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Automotive Intelligence News

News of  August 22, 2001


 


GM'S Innovative Northstar XV12 Concept Engine Showcases Future Technologies In A Compact, Fuel Efficient Package

Photo: GM

PEBBLE BEACH, Calif. - General Motors' innovative V12 concept engine, called Northstar XV12, showcases several advanced technologies in a fuel efficient, V8-like package.

This all-new high-technology, high-output 12-cylinder powerplant, featured in the 2002 Cadillac Cien mid-engine concept car, is a 60-degree, all-aluminum dual overhead cam (DOHC) four-valve engine. It displaces 7.5 liters and produces 750 horsepower (560 kW) and 450 lb-ft of torque (610 Nm), yet is packaged in the size of a V8, and able to deliver excellent fuel economy. The engine has integrated advanced technologies for the future developed by GM Powertrain's Advanced Engineering, and assembled in a compact package that GM engineers refer to as "small on the outside, big on the inside."

The Northstar XV12 represents a unique combination of a nod to the past and a glimpse of the future.

GM historically has had a vision to provide unmatched power, refinement, exclusivity and technical excellence in its powertrains. When GM's Cadillac division was solidifying its standing as the "Standard of the World" in the 1920s and 1930s, it did so powered by notable V12 and V16 engines.

The Northstar XV12 is the same length as GM's Vortec 8100 V8, and it has the approximate width and height as the Northstar 4.6-liter and Vortec 6000 V8s.

GM's Displacement on Demand enables the V12 engine to run seamlessly on six cylinders at times to maximize fuel savings, and is only one of several technological advancements showcased on the Northstar XV12. Some of the high-tech features included in Northstar XV12's capabilities:

Displacement on Demand

The cylinder shutdown is enabled through valve deactivation, which is performed by a compact switchable tappet. Cylinder de-activation occurs on the right-hand bank only, which allows the engine to run as a perfectly balanced inline 6-cylinder. The system deactivation and reactivation has a quick response time and the oil system and solenoid layout allows valve switching capability at up to 6000 rpm. In May 2001, GM announced that it will implement Displacement on Demand in its trucks and SUVs beginning in 2004.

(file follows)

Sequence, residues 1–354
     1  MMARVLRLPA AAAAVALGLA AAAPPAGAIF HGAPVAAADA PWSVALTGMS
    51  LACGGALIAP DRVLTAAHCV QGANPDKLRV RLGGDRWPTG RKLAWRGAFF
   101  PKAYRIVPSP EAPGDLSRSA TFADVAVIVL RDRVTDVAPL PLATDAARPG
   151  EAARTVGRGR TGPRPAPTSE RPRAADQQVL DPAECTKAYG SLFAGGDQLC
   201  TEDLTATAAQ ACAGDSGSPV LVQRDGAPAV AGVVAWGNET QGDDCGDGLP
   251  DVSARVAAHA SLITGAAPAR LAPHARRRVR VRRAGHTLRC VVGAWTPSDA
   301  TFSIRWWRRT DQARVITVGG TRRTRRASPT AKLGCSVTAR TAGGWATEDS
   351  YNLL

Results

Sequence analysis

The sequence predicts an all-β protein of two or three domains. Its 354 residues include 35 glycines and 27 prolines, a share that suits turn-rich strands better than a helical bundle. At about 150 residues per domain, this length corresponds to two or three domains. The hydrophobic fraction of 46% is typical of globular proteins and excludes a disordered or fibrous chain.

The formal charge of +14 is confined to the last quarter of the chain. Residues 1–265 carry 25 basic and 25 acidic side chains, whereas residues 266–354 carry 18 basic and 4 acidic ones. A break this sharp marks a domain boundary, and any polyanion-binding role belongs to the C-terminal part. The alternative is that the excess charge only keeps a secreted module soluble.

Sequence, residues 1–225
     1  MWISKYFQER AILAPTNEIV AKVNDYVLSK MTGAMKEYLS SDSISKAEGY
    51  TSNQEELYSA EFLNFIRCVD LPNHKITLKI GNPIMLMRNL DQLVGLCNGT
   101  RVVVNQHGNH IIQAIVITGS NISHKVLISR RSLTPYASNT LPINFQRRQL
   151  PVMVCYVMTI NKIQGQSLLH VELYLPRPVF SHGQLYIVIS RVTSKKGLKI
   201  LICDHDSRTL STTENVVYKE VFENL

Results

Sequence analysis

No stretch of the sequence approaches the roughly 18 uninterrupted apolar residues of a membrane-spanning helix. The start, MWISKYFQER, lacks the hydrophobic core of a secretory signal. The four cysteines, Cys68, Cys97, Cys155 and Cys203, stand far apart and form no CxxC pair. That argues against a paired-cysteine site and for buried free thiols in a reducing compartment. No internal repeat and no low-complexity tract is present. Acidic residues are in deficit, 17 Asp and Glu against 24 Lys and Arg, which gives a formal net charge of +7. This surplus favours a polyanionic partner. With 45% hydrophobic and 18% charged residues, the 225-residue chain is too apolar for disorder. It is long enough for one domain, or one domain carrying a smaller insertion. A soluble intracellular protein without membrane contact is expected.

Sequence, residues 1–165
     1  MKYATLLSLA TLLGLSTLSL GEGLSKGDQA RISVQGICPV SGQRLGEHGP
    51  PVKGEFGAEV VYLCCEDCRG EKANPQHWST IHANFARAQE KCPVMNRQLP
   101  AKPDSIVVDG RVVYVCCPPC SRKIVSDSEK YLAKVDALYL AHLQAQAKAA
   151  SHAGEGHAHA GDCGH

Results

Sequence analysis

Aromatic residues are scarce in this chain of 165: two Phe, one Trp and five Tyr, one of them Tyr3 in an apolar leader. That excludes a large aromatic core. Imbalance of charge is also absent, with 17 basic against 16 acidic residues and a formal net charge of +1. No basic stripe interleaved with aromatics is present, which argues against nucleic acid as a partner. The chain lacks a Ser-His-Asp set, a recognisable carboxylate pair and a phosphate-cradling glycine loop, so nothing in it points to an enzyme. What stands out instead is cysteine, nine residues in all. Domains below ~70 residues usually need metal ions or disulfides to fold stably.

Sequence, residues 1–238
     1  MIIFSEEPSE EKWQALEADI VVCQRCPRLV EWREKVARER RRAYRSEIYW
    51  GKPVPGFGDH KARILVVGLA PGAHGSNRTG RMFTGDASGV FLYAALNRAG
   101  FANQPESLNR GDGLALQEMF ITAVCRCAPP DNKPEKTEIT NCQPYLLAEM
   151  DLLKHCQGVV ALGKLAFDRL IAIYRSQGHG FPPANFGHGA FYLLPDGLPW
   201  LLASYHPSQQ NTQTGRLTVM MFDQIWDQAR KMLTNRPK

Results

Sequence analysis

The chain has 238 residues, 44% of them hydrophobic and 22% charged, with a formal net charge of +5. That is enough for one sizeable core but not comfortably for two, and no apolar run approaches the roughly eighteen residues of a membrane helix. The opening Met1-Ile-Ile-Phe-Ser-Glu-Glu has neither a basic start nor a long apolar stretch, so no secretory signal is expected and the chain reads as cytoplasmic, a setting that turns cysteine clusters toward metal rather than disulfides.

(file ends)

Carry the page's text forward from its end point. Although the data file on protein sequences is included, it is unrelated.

Direct Injection Gasoline

Using a direct-injection gasoline combustion system provides an increase in engine power and also improves fuel economy and cold-start hydrocarbon emissions. The multiple injection set-up also improves emissions and performance through faster catalyst light-off. The single fluid high-pressure fuel injector is centrally located in the combustion chamber, and sprays the fuel vertically down to the piston.

Variable Cam Phasing

The use of variable cam phasing helps the Northstar XV12 achieve 90 percent of its maximum torque at 1500 rpm, improves combustion stability at idle, improves fuel economy by reducing pumping losses and can be used to speed up catalyst light-off to significantly improve emissions. It provides internal exhaust gas recirculation (EGR), which is more reliable and cost-effective than an external EGR set-up.

Variable Intake Manifold

The Northstar XV12's three-stage variable induction system with tuned primary and secondary pipes results in a flat torque curve. It's a simple, compact and reliable design. Electric variable intake valve actuators enable rapid changes in manifold geometry over conventional pneumatic actuators.

Rear Chain Timing Drive

Many of the engine's accessories are run off the rear chain timing drive, creating opportunities for better packaging by eliminating the need for a front engine accessory drive and reducing the engine's overall length, as well as the height of its front end. The robust yet quiet-running chain drives the engine's camshafts, high-pressure fuel pump, oil pump, and hydraulic power-assist steering pump, and also has the potential to drive the water pump and air conditioning compressor. 36,000-Mile Oil Change Interval The Northstar XV12 is designed for 36,000-mile intervals between oil changes. This is achieved through a combination of improved oil sensors and monitors, reduced oil consumption, oil cooling and a larger oil sump capacity.

The Northstar XV12 project began in late 1999. GM enlisted Cosworth Technology to assist in the project. GM developed the technologies for all the major systems and Cosworth Technology provided the engineering integration of these technologies.

(August 20, 2001)

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